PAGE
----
Andrew Abbott, the Gustavus F. and Ann M. Swift Distinguished Service Professor in the Department of Sociology at the University of Chicago, will deliver the 2017 John S. Nuveen Lecture.
Professor Abbott's major research interests lie in the sociology of occupations, professions, and work, the sociology of culture and knowledge, and social theory. Abbott also has longstanding interests in methods, heuristics, and the philosophy and practice of sociology.
He is the author of Digital Paper, a theoretically driven textbook for library and online research, Processual Sociology, a collection of published and unpublished work advancing Prof. Abbott's theoretical and normative agenda in that area, Chaos of Disciplines, an analysis of the evolution and development of the social sciences, and Varieties of Social Imagination, a set of review essays of mostly non-metropolitan social thought, written by "Barbara Celarent" (a pseudonym) and edited by Professor Abbott (all through The University of Chicago Press). Professor Abbott was editor of the American Journal of Sociology for fifteen years.
His current book project is on the future of knowledge, drawing on his papers on library research, research practice, libraries and publishing, humanistic knowledge, and teaching. He continues to work on his longtime book project in general social theory, setting forth a processual ontology of the social world.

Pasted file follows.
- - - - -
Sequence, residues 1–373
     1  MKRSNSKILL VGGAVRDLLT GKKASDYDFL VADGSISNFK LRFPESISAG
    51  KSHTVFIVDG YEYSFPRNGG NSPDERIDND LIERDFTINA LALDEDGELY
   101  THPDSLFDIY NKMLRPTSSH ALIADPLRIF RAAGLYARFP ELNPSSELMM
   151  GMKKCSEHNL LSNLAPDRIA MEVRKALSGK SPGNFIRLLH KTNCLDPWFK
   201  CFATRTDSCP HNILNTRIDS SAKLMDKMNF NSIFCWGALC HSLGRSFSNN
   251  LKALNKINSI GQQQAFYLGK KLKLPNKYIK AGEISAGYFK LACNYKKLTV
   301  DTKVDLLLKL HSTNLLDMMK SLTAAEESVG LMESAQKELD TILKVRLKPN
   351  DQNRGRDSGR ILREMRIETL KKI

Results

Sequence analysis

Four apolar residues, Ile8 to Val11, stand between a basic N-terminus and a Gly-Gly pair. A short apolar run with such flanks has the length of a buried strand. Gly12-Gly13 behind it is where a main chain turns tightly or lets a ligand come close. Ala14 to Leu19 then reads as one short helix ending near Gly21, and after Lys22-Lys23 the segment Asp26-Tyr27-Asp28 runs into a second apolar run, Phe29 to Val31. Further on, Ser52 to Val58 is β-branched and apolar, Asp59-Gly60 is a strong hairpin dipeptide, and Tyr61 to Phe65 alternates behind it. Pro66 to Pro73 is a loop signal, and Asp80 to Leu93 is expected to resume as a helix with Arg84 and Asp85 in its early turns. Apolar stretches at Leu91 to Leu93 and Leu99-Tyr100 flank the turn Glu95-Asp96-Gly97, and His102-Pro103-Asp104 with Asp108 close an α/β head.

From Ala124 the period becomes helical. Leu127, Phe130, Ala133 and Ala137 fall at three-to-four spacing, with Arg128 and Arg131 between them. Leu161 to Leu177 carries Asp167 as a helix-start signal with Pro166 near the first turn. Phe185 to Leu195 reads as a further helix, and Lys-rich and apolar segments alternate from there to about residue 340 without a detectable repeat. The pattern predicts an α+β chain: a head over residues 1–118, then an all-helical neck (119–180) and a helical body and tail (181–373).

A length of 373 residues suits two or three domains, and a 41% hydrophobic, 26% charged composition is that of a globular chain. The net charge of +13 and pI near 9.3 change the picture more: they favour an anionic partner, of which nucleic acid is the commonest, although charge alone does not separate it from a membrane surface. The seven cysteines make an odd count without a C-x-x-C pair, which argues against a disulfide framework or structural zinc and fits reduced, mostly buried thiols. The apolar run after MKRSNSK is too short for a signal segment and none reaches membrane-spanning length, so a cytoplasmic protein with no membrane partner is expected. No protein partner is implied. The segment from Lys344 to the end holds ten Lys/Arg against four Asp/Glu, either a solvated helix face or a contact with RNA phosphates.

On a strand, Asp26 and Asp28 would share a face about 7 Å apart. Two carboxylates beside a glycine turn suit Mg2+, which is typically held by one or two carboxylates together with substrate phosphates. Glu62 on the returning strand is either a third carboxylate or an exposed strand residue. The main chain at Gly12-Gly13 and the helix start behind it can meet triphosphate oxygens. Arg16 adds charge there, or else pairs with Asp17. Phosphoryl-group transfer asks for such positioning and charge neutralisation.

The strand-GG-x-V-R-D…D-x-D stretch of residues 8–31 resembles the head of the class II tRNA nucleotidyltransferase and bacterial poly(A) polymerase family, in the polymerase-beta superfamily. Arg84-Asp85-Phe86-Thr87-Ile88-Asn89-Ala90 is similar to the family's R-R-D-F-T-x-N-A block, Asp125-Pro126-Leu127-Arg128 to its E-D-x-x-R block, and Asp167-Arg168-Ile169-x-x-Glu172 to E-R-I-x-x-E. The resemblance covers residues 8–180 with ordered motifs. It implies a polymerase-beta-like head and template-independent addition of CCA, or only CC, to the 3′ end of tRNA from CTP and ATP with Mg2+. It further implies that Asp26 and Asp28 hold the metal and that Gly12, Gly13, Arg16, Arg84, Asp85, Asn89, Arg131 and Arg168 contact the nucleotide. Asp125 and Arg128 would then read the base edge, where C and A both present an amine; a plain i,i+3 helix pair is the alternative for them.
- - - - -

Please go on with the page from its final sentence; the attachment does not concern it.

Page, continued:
An active teacher, Abbott has served on or chaired over 100 dissertation committees, and his students teach at universities and colleges throughout the United States, and in some cases, abroad. He has served his university as a department chair and a dean, and has also chaired its library board. President of the Social Science History Association in 2002/3, Abbott is also a member of the American Academy of Arts and Sciences and in 2011 received the degree of Docteur Honoris Causa from the Universite de Versailles St-Quentin-en-Yvelines.
Professor Abbott was a 2017 recipient of the The Llewellyn John and Harriet Manchester Quantrell Awards, believed to be the nation’s oldest prize for undergraduate teaching.
John S. Nuveen was one of Chicago’s most influential business leaders and an active civil and cultural leader with ties to many educational institutions. At the University of Chicago, he served as chairman of the University’s Alumni Association and as a trustee of the Baptist Theological Union, who established the Nuveen lecture in 1972 and manage an endowment that supports the University of Chicago Divinity School. Each year, a prominent member of the University's faculty is invited by the BTU and the Divinity School to deliver the lecture. Past lecturers have included Janet Rowley, Jonathan Lear, and Leon Kass.
This year’s lecture will be held on Tuesday, October 17, 2017, at 4:30 pm in Swift Hall's third-floor Lecture Hall. This event is free and open to the public. A reception will follow.
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